It was more than a little ironic that the one year anniversary of the Iowa City tornado fell on Friday the 13th. Here's a link to my photos from last year: Tornado Tales.

I participated in the community remembrance yesterday in my role as president of Friends of Historic Preservation. I thanked the community members that have worked to restore over 60 properties that were damaged in three local historic districts and a conservation area. FHP lobbied get over $250K in funds made available so that homeowners could make the repairs required by their homes being listed in a local historic district. Many insurance policies did not cover the more stringent repairs as set forth in the Secrectary of the Interior's guidelines. I'm sure it's just conincidence that heavily Democratic Johnson County, with a governor who was running as a candidate for President, DID NOT receive Federal disaster designation! Here is a link to coverage of the event. I am quoted in the article, and in the print version of the paper I managed to be in the background of a shot of the mayor receiving a tornado statue.

Also in the print version of the paper today is a picture of an impromptu memorial set up at the "Vonnegut House" commemorating the author's death. Iowa Citians consider Vonnegut one of their own. He taught at the UI Writer's Workshop from 1966-68 and finished Slaughterhouse 5 while he lived here. He also allegedly started an annual "May Day" celebration at the house he lived in, that continued a full 20 years after he moved out. I know, as I attended more than a few. Here is a link to the house, it's for rent right now: Vonnegut House The rent is a little steep for the local market!

Thursday, April 12, 2007

More Than a Chair!

So, I was walking around at the consignment store on Tuesday, and saw a funky looking chair. I went to inspect it and knew immediately that we had to have this in our bedroom closet. The chair we had up there was fine, a nice vintage wooden folding chair that Lisa and I sit in to put on our shoes. But what I found was more than a chair...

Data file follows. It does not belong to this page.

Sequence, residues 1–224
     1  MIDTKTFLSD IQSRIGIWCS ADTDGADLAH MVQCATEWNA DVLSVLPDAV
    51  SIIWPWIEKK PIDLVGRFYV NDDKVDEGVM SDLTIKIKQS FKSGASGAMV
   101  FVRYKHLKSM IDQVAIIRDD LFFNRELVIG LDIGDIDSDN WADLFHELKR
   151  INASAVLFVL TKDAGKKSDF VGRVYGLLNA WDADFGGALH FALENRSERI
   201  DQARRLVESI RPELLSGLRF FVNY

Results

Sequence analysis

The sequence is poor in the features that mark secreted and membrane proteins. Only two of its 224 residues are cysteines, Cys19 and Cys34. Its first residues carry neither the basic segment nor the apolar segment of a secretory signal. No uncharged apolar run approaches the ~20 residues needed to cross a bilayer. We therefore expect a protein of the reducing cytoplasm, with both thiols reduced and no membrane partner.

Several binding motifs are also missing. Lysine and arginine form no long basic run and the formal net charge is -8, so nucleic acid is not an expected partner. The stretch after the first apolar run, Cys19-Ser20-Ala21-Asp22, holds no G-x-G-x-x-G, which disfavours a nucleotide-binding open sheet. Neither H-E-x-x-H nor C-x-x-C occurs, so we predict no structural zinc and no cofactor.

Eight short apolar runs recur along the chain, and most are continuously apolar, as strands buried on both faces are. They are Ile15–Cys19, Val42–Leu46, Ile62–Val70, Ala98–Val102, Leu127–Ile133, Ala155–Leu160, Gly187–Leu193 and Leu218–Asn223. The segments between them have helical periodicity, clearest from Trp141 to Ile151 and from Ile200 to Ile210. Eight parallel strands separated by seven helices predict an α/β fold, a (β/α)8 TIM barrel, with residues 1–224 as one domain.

Here it is in the closet

Here it is when you move it into the center of the closet:

When you pull the back of the chair down, it becomes an ironing board! This is something we have really needed since moving laundary upstairs:

And if you keep pulling it over it becomes a step stool, which we also need to reach the top shelf of the closet!

Definitely more than a chair!

Wednesday, April 11, 2007

Deja Vu All Over Again

As major work on the house slows down I get to indulge in little things. After buying all my vintage wire I've been looking at all my electrical projects with renewed interest. The first was a bridge light base that a colleague gave my 5 years ago. It was such an early light that there isn't a hollow pipe for the wires to run inside. After purchasing, via online resources, a lamp bell socket and a wing nut swivel I could put it all together. Throw in a $4 shade from a local antique store and we've got one happening light:

Here is a close up:

Having this light next to the chair makes it a great reading spot now, so yesterday I happened to see a very cool magazine stand at a consignment place for $37, but it was 40% off so paid only $22.00. I already have my suduko book in it:

Last night while look at old photos for a picture for elder daughter's art teacher I found this shot:

So I have now unwittingly nearly recreated the original interior. Here is a picture from nearly the same spot:

The next post should detail my other big consignment store purchase...

Saturday, April 07, 2007

April is the Cruelest COLDEST Month

I took some pictures last weekend of some of our early flowers. They were up and blooming after our warm weather last month. It even hit 78 degrees on March 13th. Today when I got up at 6:00 am the temperature was 16. So I’m glad we enjoyed the early flowers because the tulips, whose flower stalks were just beginning to appear above the foliage, irises, and daylilly foliage are all frozen and laying on the ground. Lisa had planted a lot of bulbs last fall and is very disappointed. Oh well, our ferns and hostas will still come up later.

Here is our Siberian Squill.

This early ground cover pretty well blankets the lawn between us and the neighbors to the south.

It also grows in nearly every other bed in the yard. It seems to have really spread this year, probably due to our clearing out the overgrowth the past three years.

This plant might be wild ginger?

We have quite a bit of this is the “far yard.” It is a shade plant, and I hope it stays even though it will now get a little more sun since we cut back the 20 foot tall lilacs.

This last picture is the only picture I have of the "tree trimming" from two weeks ago. If you look above the birthbath/fairy garden, you will see what looks like a large post leaning on the fence/ It is the trunk of a hackberry tree that we cut down.

Once it gets above freezing I'll be able to get my peas in.